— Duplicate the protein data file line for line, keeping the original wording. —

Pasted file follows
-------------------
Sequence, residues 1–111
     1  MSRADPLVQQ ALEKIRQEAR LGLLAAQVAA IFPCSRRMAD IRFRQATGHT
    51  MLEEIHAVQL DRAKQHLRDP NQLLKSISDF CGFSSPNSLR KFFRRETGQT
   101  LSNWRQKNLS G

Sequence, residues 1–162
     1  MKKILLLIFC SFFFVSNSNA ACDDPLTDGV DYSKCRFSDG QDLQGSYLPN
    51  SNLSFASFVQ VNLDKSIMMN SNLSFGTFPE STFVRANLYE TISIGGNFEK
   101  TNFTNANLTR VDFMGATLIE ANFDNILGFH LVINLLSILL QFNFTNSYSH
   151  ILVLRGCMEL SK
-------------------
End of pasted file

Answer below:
Sequence, residues 1–111
     1  MSRADPLVQQ ALEKIRQEAR LGLLAAQVAA IFPCSRRMAD IRFRQATGHT
    51  MLEEIHAVQL DRAKQHLRDP NQLLKSISDF CGFSSPNSLR KFFRRETGQT
   101  LSNWRQKNLS G

Sequence, residues 1–162
     1  MKKILLLIFC SFFFVSNSNA ACDDPLTDGV DYSKCRFSDG QDLQGSYLPN
    51  SNLSFASFVQ VNLDKSIMMN SNLSFGTFPE STFVRANLYE TISIGGNFEK
   101  TNFTNANLTR VDFMGATLIE ANFDNILGFH LVINLLSILL QFNFTNSYSH
   151  ILVLRGCMEL SK